Barry had the the pro-forma gelled quiff, adenoids, and sticking out of his quilted corduroy jacket was a label that I just knew would read: Do not iron.  It's simply not worth it.  This garment is beyond help. 
  'Interesting pad,' he said. 
  'Is it?  Oh.'  Each to his own. 'It was once the lock-up of the now defunct police station. The letting agent, even, admitted that it was 'compact'.  But said it 'benefited' from spectacular sea views.'
  Barry shifted around to look through the two windows, then pointed upward and seawards. 'And does it?'
  'Oh, yes, spectacular sea views - if you go out through the garage, across the road, down the alley by the Jubilee Hall, and look at the sea.'
  Barry busied himself writing on a clipboard decoupaged with an FHM centre-spread. 
  'So this is your kitchenette,' he said.  
  'Kitchenette, cum dining room, cum office,' I corrected.
  'That's rather an expensive looking cushion on the stairs.'
  'Borrowed as I knew I would be having visitors.  It's the sitting-room.'
  He took an inventory of the kitchen.  I opened the cupboard with the Value baked beans displayed from weevil nest to weevil nest. I didn't draw attention, I just opened. 
  'Baby Belling,' said Barry.  .
  'Hardly that,' I said.  'Only one of the two rings works and the oven doesn't. More of a gleam in its father's eye.'
  'And what's that opposite the back door?'
  'A septic tank.'
  He nodded.  'Washing facilities?'
  'Would you really?  I prefer to shower.'
  He finished making notes, muttering, 'NCS...'
  'NCS?'
  'No Cash Stashed.'  He became leeringly confidential.  'Look, it's obvious you're not playing the system.  Just one thing I would say to you - you're registered for self-employment as a classical baritone, yet - this item in your self-assessment accounts loss column - Timer Plug from MCT Electrical Aldeburgh High Street. Care to shed any light?'
  'Yes.  I also earn money house-sitting for Lady Cave, who has a ghastly gardener called Jean.  And Lady Cave emailed me after the first time I house-sat to remind me that I was meant to have been getting up at seven each day to feed the dog, Oscar, and had filled in my the journal of my daily ministrations to him saying that I had.  Yet she happened to know that at least one morning I hadn't got up until quite a quarter to nine.  And how did she know that?  Jean the ghastly gardener.  And how do I know that?  Because coming back from a walk with Oscar one morning there was Jean in the kitchen molesting the electric kettle.  And she said, "Ooooarrgghh, you've caught me red-handed. I always know what time you've got up of a morning from the heat of the kettle when I put my hands to it.  I'd say it was about a quarter to nine this morning, and not seven as you're meant to. Ooooaarrrrrgggghhh, you'll never get one over on your aunty Jean!" Except I did - I bought the timer plug under discussion and fitted the kettle to it.  Then it boiled at seven each morning come high-water or hell-hag!'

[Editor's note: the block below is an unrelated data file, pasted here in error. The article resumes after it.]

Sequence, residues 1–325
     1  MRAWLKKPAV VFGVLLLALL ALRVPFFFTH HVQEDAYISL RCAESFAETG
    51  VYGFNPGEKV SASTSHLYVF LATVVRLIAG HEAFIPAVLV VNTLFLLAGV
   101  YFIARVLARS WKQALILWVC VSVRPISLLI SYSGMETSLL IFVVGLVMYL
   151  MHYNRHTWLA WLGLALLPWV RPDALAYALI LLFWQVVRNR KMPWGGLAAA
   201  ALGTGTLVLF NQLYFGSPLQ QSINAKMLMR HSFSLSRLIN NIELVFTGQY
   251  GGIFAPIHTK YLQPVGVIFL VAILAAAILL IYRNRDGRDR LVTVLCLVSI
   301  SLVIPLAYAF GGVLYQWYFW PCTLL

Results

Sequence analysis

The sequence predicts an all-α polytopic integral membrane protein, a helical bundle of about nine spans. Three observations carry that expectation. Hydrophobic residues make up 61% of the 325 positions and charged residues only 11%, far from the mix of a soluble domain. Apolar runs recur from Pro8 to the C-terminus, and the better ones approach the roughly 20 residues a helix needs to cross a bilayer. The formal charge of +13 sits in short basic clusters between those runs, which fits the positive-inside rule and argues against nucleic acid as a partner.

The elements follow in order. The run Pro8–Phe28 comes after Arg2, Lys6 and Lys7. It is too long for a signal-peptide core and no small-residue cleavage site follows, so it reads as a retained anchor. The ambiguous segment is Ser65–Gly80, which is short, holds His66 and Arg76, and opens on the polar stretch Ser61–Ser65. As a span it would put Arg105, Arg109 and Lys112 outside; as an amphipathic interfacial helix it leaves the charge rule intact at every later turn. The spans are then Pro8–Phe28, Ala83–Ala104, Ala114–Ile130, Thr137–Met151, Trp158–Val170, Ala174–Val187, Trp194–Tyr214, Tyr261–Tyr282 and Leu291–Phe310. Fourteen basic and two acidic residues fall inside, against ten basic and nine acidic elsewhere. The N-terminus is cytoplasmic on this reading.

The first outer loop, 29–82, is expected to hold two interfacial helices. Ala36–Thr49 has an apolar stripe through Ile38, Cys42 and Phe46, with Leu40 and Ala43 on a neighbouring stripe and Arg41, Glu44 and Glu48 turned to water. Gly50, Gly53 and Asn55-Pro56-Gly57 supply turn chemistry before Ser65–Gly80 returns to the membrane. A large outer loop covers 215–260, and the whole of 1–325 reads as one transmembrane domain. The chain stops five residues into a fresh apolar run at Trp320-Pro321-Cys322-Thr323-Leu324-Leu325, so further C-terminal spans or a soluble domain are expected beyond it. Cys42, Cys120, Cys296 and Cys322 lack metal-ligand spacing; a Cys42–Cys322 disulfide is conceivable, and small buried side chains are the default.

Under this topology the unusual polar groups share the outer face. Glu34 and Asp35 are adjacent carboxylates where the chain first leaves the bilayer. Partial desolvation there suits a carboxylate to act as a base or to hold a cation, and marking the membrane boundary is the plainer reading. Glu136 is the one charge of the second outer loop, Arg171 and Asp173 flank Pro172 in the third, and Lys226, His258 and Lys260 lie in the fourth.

Barry was looking as though he had just then died and been stuffed.  'That's actually our point.  The other lines of work.  Here's an Inland Revenue pamphlet.'  He handed it to me. 'This may clarify and avoid them having to come and look into you.'
  Which sounded positively gynaecological.  
  Though it wouldn't have been the first time.  
  And hopefully, not the last. 
  
  Money-misery is universal, even for the fabulously wealthy.  Take Maria Callas.  As I remember the story, in the late fifties, wearing something like half a million dollars of her own diamonds, she had sung a final rehearsal for a live TV performance on Rediffusion and was waiting anxiously to meet the TV company's chief executive, Sidney Bernstein. 
  'Oh, thank God, you're here!' she greeted him, laying a taloned hand on his arm.
  'My dear Madame Callas, why?  Have we been remiss?  Has something been not quite to your liking?  Has somebody offended you?'
  'No, I want you to give me a discount on one of your range of colour televisions, please.'
  
  Later, during the live broadcast, the stonkingingly expensive brooch she was wearing came loose and fell from her stole.  In time with the music and chiming with the drama, she made a sweeping gesture to the floor, retrieved it and then made sure it was securely pinned back in place.